14x11, oil/board
collection of Robert Eringer

An Ear in Provence: Listening to the French (Tachydidaxy Travelogue) by Robert Eringer and James Harper (Hardcover - Nov. 2003)

For further reading:

Night of Antiquity, May 22, 2010

After an incredible dinner with Eringer at a restaurant (with a Micheline rating!!). Leaving Eringer behind to digest his Foie Gras, and literally get haunted in his hotel room, I drove the car back over the hill to haunt Van Gogh at the Asylum of St Paul des Maison. It was around 730 pm and the moon was fairly high in the sky. It was dark outside, with snow on the ground. The air was cold and still, and deadly silent. I was dressed in my heavy down jacket and Russian winter hat; (all my sub freezing gear from my Icelandic trip).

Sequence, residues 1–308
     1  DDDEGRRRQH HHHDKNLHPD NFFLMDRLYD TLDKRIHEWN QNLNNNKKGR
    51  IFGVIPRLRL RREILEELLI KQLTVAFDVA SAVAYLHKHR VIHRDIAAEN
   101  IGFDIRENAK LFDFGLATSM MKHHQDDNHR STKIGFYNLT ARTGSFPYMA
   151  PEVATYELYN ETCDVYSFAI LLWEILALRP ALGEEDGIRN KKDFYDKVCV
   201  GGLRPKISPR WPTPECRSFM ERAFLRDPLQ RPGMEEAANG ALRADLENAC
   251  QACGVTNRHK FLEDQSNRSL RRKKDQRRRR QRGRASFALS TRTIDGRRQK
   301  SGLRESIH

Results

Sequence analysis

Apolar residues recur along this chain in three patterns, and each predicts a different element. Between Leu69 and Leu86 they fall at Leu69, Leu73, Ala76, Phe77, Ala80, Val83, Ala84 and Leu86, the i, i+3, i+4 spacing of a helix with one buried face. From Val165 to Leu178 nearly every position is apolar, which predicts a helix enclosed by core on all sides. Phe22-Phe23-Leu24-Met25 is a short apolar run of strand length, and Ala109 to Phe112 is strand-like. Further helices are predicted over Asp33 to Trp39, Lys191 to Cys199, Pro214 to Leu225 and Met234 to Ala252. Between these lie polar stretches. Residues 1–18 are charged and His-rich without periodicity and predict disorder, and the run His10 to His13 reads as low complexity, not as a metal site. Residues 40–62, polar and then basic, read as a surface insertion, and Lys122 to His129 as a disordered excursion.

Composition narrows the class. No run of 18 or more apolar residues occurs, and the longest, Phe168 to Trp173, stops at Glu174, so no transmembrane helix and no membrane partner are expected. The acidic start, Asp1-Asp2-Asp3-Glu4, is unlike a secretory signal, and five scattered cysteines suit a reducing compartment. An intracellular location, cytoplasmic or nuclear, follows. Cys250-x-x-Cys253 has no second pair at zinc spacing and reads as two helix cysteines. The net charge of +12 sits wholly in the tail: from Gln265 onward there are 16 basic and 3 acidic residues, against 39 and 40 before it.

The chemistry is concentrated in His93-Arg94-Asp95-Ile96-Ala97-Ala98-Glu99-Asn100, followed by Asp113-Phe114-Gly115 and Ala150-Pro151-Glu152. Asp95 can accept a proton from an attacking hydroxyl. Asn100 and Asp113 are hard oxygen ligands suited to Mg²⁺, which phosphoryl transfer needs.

I parked outside the walls of the Asylum and walked around the neighboring moonlit fields, filled with Ancient Roman Ruins; a Romanesque Tower, and an Arc de Triumph. It was kinda spooky walking around these ruins by myself; which were in incredible condition for being almost 2000 years old.

I snapped a photo of them holding my camera's shutter open for about 15 seconds, then set up my easel and began to paint my first of two paintings; a 14x10 painting of a moonlit Asylum wall. Standing in snow for an hour and a half, the silence was deafening. I swore I could hear voices coming from the empty fields off to my right.

What were they saying? Better yet, what did they want me to hear?

Tule fog started creeping in adding a wee bit of mystery to the experience. It's O.K. I seem to paint better when I am on edge; in a heightened state of awareness...

Roman Antiquity-St. Remy
Night Photography by T. Van Stein
Winter 2003

An Ear in Provence: Listening to the French (Tachydidaxy Travelogue) by Robert Eringer and James Harper (Hardcover - Nov. 2003)